Jonathan Wright, an FRB economist, expounded on the notion that an inverted U.S. Treasury yield curve can be a leading indicator of a down-turn in the economy: even a warning sign of a future recession. He used econometric probit models to explain the occurrence of NBER-defined recessions by looking at the term structure of interest rates. Wright’s work interested me right off the bat and I dug deeper to try to understand this man’s brilliance. After some intense study, I wanted to build my own model using data that I gathered to see if I could arrive at the same conclusions and, yes, be able to forecast recessions all by myself.
The term spread is calculated as the 10-year T-note rate minus the 3-month T-bill rate. This spread variable indicates the shape of the yield curve and serves as one of the explanatory variables in the regression model. Improving the model, we can add the effective federal funds rate (as a measure of the stance of monetary policy). The model is specified as follows:
NBER = β0 + β1Spread + β2FedFunds
The results, in terms of probability, are shown in the graph at the left, with the true recession periods shaded in red. Without getting too deep into the econometrics, this probit regression provides good in-sample fit and quality out-of-sample predictive performance. (Note that the model also predicts the latest recession, which is out-of-sample.) The true predictive power of the model lies in the sustained indicator trends. In other words, it shouldn’t be disconcerting if the probability spikes erratically, but attention should be paid to the overall trend. For example, there are some spikes in probability that are not followed by a recession, but any time that 20 or more weeks of above-40% probability persisted, a recession followed.
The model is estimated using weekly interest rate data from 1962 to 2005. Unfortunately, data from before 1962 on long-term yields may be unreliable because at that time there were very few long maturity bonds that did not have prices distorted by being either callable or “flower bonds.” While the number of recessions that we have taken into account is too small to draw very strong conclusions, this probit model appears to have strong predictive powers.
The fascinating part of this model is that it captures all of the information included in the term structure of interest rates to predict future recessions. The fact that the yield curve is packed with so much market information is what amazes me.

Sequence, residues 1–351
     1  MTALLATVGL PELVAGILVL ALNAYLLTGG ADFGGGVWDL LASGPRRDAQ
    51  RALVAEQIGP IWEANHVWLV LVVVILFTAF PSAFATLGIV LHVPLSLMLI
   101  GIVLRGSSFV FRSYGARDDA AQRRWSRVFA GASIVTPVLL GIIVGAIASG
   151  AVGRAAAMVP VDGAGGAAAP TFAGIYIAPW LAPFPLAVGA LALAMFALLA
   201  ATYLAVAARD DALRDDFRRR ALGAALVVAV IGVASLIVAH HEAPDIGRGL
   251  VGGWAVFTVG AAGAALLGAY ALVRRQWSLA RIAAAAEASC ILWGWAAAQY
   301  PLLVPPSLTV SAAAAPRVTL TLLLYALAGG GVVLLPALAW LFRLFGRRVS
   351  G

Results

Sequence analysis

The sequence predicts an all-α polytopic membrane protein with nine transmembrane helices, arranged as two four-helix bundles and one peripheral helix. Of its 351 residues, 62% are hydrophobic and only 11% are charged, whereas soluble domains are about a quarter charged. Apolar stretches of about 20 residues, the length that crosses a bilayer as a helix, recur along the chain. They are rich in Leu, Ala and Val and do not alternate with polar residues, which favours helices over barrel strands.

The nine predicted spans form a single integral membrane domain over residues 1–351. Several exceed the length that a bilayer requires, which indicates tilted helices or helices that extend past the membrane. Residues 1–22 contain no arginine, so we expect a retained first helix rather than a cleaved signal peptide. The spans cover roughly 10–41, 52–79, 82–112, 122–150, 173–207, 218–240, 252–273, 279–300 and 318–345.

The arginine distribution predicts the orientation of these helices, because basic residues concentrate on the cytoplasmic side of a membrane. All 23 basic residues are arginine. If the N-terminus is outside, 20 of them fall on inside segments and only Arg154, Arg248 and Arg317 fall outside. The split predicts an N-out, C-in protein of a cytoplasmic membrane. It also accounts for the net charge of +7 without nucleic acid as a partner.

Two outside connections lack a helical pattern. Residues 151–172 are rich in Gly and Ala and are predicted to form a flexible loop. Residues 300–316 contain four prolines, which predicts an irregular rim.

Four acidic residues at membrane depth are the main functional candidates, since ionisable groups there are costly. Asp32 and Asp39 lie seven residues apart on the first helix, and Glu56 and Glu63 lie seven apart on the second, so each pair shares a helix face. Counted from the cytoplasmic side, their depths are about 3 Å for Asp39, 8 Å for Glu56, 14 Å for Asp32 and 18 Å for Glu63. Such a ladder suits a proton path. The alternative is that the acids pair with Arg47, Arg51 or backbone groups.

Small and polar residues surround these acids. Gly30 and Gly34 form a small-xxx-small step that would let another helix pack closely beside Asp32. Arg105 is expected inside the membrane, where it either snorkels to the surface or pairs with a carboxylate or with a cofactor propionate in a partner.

The simplest theoretical rationale for why term spreads might be a useful leading indicator is that under the expectations theory (neglecting term premiums), the term spread measures the difference between current short-term interest rates and the average of expected future short-term interest rates over a relatively long horizon. A very low average expected future interest rate would indicate a time of recession is ahead. Also, a flat or inverted yield curve indicates a future decline in inflation, which is also associated with recessionary periods.
Once the model was estimated, I made a spreadsheet that keeps a weekly record of the term spread and fed funds rate and uses the estimated model coefficients to calculate the probability of a recession within the next year. After hooking the spreadsheet into live interest rate feeds and doing some rough programming to make sure that my graph and information stay up to date, I had a pretty good economic forecasting tool that I use regularly.
The yield curve has been flattening recently, with the latest 3-month over 10-year term spread at 245 bps. It is still sloping upward, however, and rates continue at historical lows while the current effective federal funds rate can’t get much lower. According to the model, another recession within the next year is only a 1% probability.